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Download A Saint on Death Row: The Story of Dominique Green epub

by Thomas Cahill

A Saint on Death Row will introduce you to a young man whose history, innate goodness, and final days you will never forget. It also shines a necessary light on America's racist and deeply flawed legal system. A Saint on Death Row is an absorbing, sobering, and deeply spiritual story that illuminates the moral imperatives too often ignored in the headlong quest for justice.
Download A Saint on Death Row: The Story of Dominique Green epub
ISBN: 1615236554
ISBN13: 978-1615236558
Category: Politics
Subcategory: Social Sciences
Author: Thomas Cahill
Language: English
Publisher: Doubleday & Company (2009)
ePUB size: 1384 kb
FB2 size: 1925 kb
Rating: 4.9
Votes: 642
Other Formats: docx lrf txt lit

I glad I read the book. However I dont share the sentiments of many reviewers. The inmate was guilty. He indicated not doing the crime but having knowledge of who did it - are you serious? Why would a person go to death without revealing vital information that could lead to their freedom?
Very very touching story, of a young man on Texas Deathrow. Rest in peace.
Fast shipment, took no time getting to me.
It's an amazing true story of a black young man accused and convicted wrongly of a crime. He was on a bad path before prison and changed drastically while incarcerated. Sad, but so true for its time.
As an employee of TDCJID, I can not think of this child's grace filled life without wanting to thank everyone who intervened in any way to lead him to depend on God as he did. My thanks to you all and to Tom Cahill for telling the story. This is why I oppose the death penalty so firmly.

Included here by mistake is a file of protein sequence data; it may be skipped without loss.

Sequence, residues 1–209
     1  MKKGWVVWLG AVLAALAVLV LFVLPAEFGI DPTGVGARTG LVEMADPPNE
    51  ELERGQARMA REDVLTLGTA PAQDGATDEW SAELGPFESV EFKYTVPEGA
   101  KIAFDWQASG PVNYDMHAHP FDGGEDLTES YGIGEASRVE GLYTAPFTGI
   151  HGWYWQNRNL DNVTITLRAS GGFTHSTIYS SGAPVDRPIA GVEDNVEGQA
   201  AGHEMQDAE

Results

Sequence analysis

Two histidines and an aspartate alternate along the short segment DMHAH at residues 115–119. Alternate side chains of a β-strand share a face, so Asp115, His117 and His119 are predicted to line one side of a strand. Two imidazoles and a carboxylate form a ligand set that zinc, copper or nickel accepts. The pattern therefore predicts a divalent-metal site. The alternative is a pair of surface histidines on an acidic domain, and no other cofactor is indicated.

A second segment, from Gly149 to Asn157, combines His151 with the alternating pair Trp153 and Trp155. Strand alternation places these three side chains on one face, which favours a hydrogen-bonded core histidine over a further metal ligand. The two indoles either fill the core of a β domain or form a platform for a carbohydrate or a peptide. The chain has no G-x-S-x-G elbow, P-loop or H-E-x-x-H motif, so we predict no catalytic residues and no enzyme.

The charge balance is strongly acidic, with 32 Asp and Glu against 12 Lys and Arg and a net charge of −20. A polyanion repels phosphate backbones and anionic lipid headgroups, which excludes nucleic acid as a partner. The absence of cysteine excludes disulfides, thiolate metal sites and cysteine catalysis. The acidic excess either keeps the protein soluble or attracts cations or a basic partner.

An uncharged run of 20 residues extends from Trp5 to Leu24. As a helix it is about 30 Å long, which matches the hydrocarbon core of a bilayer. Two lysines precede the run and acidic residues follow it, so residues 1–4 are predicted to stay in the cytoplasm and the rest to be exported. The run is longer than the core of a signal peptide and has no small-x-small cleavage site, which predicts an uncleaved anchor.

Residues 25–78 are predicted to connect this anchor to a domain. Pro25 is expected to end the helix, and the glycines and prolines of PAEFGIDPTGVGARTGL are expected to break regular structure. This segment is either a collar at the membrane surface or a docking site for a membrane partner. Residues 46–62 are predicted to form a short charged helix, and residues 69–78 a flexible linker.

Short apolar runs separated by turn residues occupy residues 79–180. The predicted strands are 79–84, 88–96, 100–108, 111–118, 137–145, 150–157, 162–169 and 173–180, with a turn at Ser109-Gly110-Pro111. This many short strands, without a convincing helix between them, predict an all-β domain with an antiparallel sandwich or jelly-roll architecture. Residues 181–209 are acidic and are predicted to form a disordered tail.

A moving account of the redemption of one man and the inability of society and our legal system to recognize that. This is a well written book worthy of being read by anyone interested in how persons are changed.
This book is about the events leading up to the 2004 execution of Dominique Green, formerly of Houston. Dominique was convicted of shooting a gas station attendant although there were no witnesses; the only person who claimed to see the crime never claimed to see Dominique actually shoot the victim. He was convicted by virtue of being poor and having a horrible lawyer in a trial so buffoonish that the victim's family actually protested it. (They later befriended him and refused to attend his execution.)

Dominique, who was 30 when he died after 12 years in Death Row, seems to have been a good kid gone bad after a history of tragic abuse. In prison he turned his life around as sometimes happens and attracted the attention of the San'Egidio religious community in Italy, where his example and increasingly literate writing style won hearts and minds, especially after his essay about the rosary he'd made for himself was published in the National Catholic Reporter.

Although I'd had this book highly recommended to me, I was disappointed. Dominique was black, and I felt that this book was less his biography than the white author's ploy to turn Dominique's story into a anti-death penalty essay. While I fully expected the book to be partly that, I still had the uncomfortable feeling that Dominque was a means to an end although I do not doubt Cahill's genuine fondness for him.

The book talks only briefly about his prayer life. It mentions particularly his use of An African Prayer Book given to him by +Archbishop Desmond Tutu who visited him once, and of course his famous rosary. However that's all Cahill gives us. I wanted to read about his return to the Church, because that had to have been an epic journey--Dominique had been raped by a priest as a child. I can get facts and figures and anecdotes about executions anywhere on the internet. Biographies of souls that become beautiful despite all odds, not so much.
It was such a wonderful and eye opening book, really made me question our justice system and how we as a society still allow this racism and injustice to continue